Proactive CM improves outcomes for diabetics
Focus is on prevention of acute episodes
The Diabetes Treatment Centers of America (DTCA) in Nashville, TN, successfully reduced hospital admission rates for diabetic patients enrolled in its diabetes management program to 67.3% below the national average for diabetics nationwide. Early last year, DTCA launched a diabetes management program for payers it hopes will yield similar results for patients before they enter the hospital.
The DTCA diabetes management program for payers kicks in with proactive case management the moment a member receives a diabetes diagnosis. "We don’t wait for the triggers which normally activate intervention by a payer case manager, such as a hospital admission. Every member with diabetes is part of the program and receives a basic level of intervention," notes Janet Calhoun, RD, CDE, senior director of clinical operations for DTCA. The first step DTCA takes is an identification process. "We use the payer’s historical claims data and run it through a program we’ve developed to identify people with diabetes," she explains. "Right now, we’ve taken a very conservative approach and only identify those members who have submitted a claim for diabetes as a primary diagnosis, or a diabetes related event, such as diabetic retinopathy," Calhoun adds.
DTCA’s information system then uses the payer’s historical claims data for the previous year to stratify diabetic members into three levels based on cost. "We run several reports with the data to look at high cost members, high cost facilities, and high cost providers," says Calhoun.
Before a DTCA diabetes care coordinator contacts a member directly, DTCA contacts the member’s primary care physician to confirm the diabetes diagnosis. "We actually take two steps at once. We confirm the diagnosis, but we also take the opportunity to market the program to the physician at the same time," says Calhoun. "We want to make it clear that the diabetes management program is designed to support primary care, not replace it. We also clarify that we do not send patients to a subset of physicians. Members stay with their own primary care physician. Our job is to support that physician to care for the member as long as possible," she adds.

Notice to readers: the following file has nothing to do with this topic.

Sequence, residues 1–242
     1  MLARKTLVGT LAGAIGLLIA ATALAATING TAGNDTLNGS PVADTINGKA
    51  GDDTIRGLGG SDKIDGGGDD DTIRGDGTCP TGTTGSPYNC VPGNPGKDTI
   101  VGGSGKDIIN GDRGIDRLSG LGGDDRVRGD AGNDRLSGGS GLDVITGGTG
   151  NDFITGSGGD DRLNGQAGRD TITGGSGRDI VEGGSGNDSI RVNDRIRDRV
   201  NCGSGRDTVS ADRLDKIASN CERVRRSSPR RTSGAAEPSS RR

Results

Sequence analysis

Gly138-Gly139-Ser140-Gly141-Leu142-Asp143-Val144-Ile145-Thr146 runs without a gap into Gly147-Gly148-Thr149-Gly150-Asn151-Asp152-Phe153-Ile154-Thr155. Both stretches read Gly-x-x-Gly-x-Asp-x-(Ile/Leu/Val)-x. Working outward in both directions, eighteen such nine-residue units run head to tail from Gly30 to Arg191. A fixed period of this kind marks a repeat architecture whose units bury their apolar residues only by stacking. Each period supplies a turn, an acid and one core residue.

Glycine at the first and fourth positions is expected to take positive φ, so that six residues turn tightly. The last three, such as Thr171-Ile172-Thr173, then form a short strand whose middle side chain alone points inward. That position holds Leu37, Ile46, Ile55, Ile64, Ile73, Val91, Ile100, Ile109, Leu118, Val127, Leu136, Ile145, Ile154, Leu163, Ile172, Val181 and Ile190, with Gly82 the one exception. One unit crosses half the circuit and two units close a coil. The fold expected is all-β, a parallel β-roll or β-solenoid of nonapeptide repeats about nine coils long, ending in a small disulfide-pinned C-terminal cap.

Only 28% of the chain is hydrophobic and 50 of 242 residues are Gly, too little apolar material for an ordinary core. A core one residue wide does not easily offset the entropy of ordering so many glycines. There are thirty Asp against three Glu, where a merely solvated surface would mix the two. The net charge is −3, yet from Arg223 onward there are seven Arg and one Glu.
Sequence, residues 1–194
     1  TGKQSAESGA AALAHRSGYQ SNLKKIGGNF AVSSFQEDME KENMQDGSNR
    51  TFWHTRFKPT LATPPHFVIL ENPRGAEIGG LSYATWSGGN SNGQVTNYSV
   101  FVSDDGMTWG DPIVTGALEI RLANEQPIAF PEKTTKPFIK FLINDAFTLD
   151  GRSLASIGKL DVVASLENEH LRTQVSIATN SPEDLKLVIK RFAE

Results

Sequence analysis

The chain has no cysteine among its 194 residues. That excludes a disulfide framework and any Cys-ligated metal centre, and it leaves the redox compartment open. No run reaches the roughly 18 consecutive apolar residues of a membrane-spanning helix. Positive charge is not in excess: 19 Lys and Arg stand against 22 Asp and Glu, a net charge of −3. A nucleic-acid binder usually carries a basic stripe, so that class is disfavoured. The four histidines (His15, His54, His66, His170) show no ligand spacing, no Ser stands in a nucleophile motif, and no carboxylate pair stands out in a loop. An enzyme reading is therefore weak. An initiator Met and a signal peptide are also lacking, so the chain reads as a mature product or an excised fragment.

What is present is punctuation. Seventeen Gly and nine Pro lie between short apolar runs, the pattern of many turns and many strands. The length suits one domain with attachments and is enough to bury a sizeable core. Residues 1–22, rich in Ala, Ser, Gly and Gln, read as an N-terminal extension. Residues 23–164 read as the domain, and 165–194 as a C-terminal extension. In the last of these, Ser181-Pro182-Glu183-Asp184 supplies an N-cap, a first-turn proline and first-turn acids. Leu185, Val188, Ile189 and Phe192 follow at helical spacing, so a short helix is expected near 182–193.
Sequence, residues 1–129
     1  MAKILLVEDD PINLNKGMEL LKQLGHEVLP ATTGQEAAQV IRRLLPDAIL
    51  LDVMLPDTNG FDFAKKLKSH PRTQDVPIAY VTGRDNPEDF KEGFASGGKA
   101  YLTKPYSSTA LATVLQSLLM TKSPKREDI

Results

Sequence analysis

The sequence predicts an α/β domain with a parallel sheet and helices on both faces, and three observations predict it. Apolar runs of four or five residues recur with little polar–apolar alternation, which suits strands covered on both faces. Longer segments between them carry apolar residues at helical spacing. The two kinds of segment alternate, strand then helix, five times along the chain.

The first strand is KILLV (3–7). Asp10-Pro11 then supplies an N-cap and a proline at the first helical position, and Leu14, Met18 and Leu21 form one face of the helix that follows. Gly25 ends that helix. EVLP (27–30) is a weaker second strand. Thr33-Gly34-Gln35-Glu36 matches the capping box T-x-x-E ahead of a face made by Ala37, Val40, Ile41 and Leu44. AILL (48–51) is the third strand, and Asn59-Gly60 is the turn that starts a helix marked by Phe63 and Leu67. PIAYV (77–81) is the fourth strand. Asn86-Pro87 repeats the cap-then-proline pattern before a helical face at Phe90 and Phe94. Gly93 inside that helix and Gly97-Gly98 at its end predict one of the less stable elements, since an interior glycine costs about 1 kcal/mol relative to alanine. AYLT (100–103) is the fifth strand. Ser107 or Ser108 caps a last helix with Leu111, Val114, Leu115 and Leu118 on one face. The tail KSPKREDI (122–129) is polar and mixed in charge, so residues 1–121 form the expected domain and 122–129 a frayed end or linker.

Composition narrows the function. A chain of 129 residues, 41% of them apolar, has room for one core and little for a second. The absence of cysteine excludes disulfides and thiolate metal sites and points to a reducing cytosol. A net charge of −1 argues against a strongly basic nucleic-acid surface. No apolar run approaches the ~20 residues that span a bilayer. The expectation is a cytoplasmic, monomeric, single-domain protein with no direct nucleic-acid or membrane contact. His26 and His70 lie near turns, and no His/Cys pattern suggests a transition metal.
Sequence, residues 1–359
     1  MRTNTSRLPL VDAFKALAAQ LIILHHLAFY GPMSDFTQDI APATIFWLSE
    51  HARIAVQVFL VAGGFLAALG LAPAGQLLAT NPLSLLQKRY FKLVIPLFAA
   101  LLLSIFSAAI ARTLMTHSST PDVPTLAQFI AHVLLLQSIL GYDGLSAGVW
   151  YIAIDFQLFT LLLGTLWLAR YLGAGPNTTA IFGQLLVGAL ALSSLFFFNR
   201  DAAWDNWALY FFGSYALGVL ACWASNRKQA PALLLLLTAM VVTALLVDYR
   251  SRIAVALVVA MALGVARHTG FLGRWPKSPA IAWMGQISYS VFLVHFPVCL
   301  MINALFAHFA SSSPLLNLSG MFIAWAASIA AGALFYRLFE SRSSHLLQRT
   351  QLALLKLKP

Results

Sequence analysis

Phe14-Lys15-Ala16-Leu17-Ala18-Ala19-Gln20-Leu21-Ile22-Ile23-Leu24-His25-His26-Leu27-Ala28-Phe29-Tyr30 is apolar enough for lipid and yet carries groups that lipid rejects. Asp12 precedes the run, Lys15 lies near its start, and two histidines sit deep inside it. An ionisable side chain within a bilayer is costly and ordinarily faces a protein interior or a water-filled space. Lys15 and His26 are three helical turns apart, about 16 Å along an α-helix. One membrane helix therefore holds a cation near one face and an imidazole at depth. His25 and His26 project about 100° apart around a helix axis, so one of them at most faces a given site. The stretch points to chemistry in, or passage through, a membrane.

Once members have been identified and their diagnosis confirmed by their primary care physician, DTCA collects clinical data that helps set the level of intervention members receive from care coordinators, explains Calhoun. Specifically, DTCA focuses on clinical parameters that indicate a member is at risk for high cost diabetic complications. The data is gathered through the physician’s office, historical data, and pharmacy data supplied by the payer. Parameters DTCA collects for each diabetic member include:
• blood pressure;
• history of microvascular disease;
• personal member perception of health status;
• hemoglobin A1C level.
"Studies indicate that A1C levels are the best indicator of a person’s risk for developing diabetic complications," notes Calhoun. "Research supports the theory that the higher the A1C level the greater the risk of complication."
After the clinical parameters are collected, they are run through a computerized stratification model which places members into three population levels. "The stratification levels help care coordinators set the degree of intervention each member receives. The system helps guide care coordinator decision-making," says Calhoun, adding that members may shift from one level to another more than once. Stratification levels include: